Good luck -
Dona

DanielleG Jul 15th, 2004 06:43 PM

Thank you everybody for some great information. So many choices! My biggest thing is that as a New Yorker, driving is not my thing, nor my friend who is going with me. Was hoping to go and "settle" somewhere that's beautiful (countryside or beach), some nice walks, and the least hassle in terms of tourists,etc.

I love the idea of Sienna but everybody says I need a car in Tuscany. True?

Any advice would be greatly appreciated!



JudyC Jul 15th, 2004 07:52 PM

Siena is an ideal base for visiting countryside without a car, since its bus network is fairly good. For the details of transportation, please check:www.turismoverde.com

Few years ago, I stayed at Siena for 4 nights, and took buses to some hilltowns: San Gimignano,Volterra and Montalcino for walking. My only concern is it could be too hot for pleasant walking in Augaust.

BlueSwimmer Jul 15th, 2004 08:02 PM

I second the vote for Bologna. A beautiful, small city with amazing food, great architecture and the panache of a university town.

SalB Jul 15th, 2004 08:32 PM

If you want to get out in the country for hiking, try the area around Lake Trasimeno in Umbria or Greve in Chianti. It's beautiful; it's rural and most places have good bus service if you need it. ((@))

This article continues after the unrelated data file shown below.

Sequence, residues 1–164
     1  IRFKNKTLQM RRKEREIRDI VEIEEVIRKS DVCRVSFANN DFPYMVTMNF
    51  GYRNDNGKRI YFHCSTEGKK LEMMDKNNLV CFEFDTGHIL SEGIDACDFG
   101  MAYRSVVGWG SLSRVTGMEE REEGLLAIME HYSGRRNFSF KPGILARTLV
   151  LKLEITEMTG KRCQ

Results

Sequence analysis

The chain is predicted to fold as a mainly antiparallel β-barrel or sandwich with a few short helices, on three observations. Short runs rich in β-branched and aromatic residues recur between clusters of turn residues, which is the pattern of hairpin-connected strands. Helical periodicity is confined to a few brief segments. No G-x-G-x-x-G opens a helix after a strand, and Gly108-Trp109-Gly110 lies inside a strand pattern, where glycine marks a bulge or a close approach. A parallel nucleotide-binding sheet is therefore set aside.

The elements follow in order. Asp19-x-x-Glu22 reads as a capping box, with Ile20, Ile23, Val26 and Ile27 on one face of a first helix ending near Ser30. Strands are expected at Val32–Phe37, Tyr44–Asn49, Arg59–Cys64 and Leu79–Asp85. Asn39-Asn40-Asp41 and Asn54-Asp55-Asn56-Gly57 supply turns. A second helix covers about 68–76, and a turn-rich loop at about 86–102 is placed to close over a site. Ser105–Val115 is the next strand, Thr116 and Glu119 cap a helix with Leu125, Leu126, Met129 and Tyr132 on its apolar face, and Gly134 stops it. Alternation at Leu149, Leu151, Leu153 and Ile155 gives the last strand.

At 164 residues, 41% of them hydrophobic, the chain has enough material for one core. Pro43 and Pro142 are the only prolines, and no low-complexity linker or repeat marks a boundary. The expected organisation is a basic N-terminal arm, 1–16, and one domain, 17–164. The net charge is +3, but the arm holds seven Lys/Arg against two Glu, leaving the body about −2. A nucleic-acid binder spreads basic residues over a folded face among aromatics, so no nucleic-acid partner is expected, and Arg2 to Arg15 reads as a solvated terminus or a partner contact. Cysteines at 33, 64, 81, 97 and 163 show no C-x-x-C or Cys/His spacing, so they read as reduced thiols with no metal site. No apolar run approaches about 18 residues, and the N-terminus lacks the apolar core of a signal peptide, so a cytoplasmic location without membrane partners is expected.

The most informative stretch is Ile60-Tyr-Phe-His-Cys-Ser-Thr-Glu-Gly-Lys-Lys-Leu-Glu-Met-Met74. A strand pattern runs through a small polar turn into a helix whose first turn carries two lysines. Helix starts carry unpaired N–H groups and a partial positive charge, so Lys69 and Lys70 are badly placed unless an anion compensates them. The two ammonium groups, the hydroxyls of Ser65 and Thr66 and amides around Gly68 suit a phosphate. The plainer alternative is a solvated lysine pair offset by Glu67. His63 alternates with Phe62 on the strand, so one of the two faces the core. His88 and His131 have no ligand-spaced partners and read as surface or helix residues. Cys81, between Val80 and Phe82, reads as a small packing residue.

DanielleG Jul 15th, 2004 08:52 PM

I'm sorry to double post in one night, but one last Amalfi question (while i think about Sienna, Chianti, and all the other suggestions:

Ravello still sounds so amazing. Is it possible to spend a night in Naples, then go to Ravello for a couple of days, and then go to Capri for a day? Is there a hydrafoil that does the Naples-Ravello(Amalfi, I guess)-Capri circuit, or is that a nightmare? how far is Capri from Ravello?

Gerardo Jul 21st, 2004 10:56 PM

Ravello is a hillside town above Amalfi and the journey by bus down to Amalfi takes 20 minutes where you take the ferry to Capri which takes about an hour.

caroline_edinburgh Jul 22nd, 2004 04:27 AM

I'd say Ravello isn't worth 4 days. There is one beautiful garden, one pretty average garden and that's about it. Not many restaurants or bars.

jabez Jul 22nd, 2004 04:57 AM

If you don't want to drive, you probably should not go to hill towns of Tuscany or Umbria.Driving in those areas, however, is easy and gives you many options for "exploring". It also opens you up to some great restaurants and vineyards.

You could choose a coastal area or the Lakes area.But,since this is August they will be more crowded than normal.

mikemo Jul 22nd, 2004 05:03 AM


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M